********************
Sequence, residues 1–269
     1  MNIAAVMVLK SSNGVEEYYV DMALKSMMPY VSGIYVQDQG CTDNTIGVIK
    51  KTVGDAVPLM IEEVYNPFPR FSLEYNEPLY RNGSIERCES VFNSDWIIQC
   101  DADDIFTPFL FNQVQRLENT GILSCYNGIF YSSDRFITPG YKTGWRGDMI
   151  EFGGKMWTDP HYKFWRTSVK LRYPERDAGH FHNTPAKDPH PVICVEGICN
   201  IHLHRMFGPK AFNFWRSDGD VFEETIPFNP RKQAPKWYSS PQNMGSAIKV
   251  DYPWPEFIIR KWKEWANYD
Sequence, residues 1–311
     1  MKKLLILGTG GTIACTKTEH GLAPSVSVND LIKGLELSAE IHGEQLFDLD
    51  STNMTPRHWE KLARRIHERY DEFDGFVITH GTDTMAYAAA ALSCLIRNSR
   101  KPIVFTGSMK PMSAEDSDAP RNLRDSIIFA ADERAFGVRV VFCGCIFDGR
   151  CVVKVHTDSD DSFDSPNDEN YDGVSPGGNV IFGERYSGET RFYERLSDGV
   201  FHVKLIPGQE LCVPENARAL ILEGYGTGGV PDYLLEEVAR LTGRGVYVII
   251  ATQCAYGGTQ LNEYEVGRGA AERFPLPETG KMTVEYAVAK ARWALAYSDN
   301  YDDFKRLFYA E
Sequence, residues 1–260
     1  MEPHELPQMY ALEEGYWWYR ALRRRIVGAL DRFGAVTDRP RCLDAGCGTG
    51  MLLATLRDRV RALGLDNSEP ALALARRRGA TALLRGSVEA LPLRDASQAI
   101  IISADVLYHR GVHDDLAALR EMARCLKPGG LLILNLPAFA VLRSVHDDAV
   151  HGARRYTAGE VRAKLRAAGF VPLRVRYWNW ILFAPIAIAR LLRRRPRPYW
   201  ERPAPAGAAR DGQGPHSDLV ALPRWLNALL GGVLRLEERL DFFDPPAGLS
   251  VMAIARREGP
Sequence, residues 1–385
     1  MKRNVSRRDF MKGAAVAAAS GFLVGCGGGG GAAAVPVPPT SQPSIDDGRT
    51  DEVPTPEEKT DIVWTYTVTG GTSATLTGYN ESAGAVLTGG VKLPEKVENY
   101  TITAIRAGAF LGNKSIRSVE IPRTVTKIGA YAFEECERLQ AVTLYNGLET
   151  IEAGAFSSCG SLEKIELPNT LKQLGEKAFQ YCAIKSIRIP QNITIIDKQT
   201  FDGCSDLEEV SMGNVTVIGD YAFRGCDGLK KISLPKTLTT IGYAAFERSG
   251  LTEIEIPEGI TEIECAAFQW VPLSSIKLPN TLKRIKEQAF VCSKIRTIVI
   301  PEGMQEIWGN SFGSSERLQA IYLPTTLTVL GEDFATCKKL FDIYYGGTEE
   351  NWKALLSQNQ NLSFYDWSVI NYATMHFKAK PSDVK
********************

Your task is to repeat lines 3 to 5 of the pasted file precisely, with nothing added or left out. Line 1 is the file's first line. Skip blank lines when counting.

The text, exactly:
    51  KTVGDAVPLM IEEVYNPFPR FSLEYNEPLY RNGSIERCES VFNSDWIIQC
   101  DADDIFTPFL FNQVQRLENT GILSCYNGIF YSSDRFITPG YKTGWRGDMI
   151  EFGGKMWTDP HYKFWRTSVK LRYPERDAGH FHNTPAKDPH PVICVEGICN